Eclipse by John Banville (Picador, £6.99 in UK)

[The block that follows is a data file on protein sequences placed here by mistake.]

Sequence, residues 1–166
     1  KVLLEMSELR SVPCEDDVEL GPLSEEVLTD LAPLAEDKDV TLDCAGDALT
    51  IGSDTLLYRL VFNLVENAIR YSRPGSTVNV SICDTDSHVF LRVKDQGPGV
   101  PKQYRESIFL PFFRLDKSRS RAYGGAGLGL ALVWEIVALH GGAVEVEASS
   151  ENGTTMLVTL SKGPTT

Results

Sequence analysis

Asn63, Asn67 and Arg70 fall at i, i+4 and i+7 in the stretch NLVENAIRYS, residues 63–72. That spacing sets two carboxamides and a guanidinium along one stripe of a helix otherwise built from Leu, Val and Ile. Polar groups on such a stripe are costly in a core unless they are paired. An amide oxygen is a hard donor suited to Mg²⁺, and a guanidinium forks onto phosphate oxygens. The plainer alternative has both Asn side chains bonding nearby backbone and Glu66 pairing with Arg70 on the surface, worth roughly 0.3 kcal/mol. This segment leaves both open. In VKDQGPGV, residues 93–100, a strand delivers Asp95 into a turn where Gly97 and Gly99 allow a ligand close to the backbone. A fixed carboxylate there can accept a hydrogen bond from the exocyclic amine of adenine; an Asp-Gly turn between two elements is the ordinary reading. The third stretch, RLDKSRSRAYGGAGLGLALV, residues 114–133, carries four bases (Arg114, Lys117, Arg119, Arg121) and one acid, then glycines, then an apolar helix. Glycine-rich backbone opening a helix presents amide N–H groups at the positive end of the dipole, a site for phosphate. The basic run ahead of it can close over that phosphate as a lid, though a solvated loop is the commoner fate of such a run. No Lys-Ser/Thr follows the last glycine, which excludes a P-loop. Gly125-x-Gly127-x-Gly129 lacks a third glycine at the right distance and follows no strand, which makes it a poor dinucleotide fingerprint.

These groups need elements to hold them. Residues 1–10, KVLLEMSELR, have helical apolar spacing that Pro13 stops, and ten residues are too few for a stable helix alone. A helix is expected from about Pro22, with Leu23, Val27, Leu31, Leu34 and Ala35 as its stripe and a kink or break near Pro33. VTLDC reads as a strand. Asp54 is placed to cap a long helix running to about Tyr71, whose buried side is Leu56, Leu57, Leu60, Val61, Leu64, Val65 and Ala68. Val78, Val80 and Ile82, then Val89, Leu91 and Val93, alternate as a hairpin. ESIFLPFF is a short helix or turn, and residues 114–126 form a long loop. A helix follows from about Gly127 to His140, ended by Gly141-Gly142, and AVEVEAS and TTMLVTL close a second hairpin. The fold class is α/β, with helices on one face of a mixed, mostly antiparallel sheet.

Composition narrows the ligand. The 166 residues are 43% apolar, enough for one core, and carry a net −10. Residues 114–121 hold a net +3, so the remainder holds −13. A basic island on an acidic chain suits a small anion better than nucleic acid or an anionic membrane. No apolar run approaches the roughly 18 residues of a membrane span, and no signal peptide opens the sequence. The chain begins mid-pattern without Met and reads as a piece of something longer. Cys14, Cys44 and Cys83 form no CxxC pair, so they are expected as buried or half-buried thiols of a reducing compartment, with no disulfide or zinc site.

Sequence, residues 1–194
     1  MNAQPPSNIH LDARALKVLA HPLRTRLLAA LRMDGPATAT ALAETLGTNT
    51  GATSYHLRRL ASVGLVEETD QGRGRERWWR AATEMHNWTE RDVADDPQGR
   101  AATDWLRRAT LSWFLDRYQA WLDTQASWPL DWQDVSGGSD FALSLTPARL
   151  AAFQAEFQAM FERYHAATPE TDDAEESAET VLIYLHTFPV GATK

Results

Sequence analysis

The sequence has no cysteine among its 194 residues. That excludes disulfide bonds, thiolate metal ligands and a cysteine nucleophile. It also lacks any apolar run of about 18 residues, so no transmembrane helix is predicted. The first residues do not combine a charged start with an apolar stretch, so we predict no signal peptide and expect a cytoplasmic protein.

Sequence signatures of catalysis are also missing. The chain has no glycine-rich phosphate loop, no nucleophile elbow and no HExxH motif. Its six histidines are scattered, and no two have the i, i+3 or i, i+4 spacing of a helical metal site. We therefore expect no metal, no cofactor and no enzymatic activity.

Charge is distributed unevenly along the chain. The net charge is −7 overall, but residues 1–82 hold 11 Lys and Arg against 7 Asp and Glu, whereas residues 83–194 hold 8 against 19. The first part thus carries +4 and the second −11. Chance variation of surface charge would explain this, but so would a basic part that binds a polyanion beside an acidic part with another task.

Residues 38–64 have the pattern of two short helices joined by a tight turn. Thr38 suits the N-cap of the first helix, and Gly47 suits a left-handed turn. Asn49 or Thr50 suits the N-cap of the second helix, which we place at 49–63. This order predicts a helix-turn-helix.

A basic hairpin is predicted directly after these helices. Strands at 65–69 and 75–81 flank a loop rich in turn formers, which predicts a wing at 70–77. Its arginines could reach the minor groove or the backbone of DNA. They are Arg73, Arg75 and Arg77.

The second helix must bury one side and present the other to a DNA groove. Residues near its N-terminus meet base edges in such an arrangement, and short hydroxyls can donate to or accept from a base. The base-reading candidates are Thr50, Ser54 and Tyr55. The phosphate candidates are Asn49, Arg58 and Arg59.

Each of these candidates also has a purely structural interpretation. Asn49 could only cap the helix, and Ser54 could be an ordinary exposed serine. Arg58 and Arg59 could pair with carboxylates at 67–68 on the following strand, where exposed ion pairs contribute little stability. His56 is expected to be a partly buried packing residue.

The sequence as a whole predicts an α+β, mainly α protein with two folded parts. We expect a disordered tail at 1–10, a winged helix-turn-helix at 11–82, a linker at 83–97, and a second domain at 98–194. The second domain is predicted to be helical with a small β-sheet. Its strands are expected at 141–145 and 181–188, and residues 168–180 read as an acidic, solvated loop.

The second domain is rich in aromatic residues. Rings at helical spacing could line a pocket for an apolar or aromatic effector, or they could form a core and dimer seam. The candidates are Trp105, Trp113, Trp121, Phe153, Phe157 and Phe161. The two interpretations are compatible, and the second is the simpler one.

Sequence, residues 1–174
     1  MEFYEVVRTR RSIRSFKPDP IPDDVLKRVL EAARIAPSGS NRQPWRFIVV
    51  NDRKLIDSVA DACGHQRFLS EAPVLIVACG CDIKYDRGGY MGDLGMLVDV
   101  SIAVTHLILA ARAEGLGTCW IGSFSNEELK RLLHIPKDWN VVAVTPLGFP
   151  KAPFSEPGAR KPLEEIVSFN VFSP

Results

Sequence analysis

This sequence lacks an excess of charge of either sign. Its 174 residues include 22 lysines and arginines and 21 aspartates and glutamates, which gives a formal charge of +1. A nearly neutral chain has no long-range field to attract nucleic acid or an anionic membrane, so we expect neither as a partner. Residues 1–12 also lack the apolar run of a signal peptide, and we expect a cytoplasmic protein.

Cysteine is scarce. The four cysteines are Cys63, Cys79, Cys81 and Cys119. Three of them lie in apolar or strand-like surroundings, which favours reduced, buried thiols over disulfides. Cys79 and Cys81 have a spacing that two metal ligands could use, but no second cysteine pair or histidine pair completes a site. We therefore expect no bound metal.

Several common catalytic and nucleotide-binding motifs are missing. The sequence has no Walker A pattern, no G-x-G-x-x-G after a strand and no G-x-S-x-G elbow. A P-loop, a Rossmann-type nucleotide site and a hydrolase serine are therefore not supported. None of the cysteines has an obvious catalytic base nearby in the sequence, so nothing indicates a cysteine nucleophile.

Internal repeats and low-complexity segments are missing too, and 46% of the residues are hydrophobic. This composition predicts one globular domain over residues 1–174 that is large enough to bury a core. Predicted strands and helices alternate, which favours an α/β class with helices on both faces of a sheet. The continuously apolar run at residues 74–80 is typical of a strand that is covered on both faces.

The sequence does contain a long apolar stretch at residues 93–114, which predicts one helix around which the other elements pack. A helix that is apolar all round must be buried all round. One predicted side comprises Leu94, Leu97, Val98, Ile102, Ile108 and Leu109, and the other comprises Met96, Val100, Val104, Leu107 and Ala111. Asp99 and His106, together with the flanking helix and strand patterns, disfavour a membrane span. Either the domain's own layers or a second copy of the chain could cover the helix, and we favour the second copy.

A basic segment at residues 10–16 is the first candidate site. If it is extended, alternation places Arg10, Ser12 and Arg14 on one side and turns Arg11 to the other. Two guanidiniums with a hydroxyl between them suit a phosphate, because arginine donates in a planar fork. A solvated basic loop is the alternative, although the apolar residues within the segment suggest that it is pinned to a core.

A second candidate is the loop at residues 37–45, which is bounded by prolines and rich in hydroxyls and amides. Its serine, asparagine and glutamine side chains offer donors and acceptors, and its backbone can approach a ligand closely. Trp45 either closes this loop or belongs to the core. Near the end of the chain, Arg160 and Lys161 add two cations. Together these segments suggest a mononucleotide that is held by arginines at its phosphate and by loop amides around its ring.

The premise of this slim novel is startlingly simple: Alexander Cleave, actor - yes, as he would say himself, that Alex Cleave - has returned to his childhood home, a stern and somewhat musty house deep in the countryside. Why? He doesn't know. Nor does his wife, Lydia, left baffled and irritated at home. Nor, of course, does the reader, reliant on Cleave's undoubtedly unreliable narration. A man alone in a house, then? But Cleave is not alone. He is convinced that he has been summoned to the house; and he has scarcely moved in before he starts seeing ghosts. Are they visions from his past, dreams about his difficult, disturbed daughter Cass, now a scholar somewhere in Europe? Or are they - even more unbelievable - real people? Banville's abilities as a wordsmith have always been highly praised, and Eclipse is a stunning demonstration of his ability to create an elaborately beautiful artefact using the clumsy tools of letters and grammar. But this novel is also a deeply-felt and desperately moving meditation on love, parenthood and what makes us human.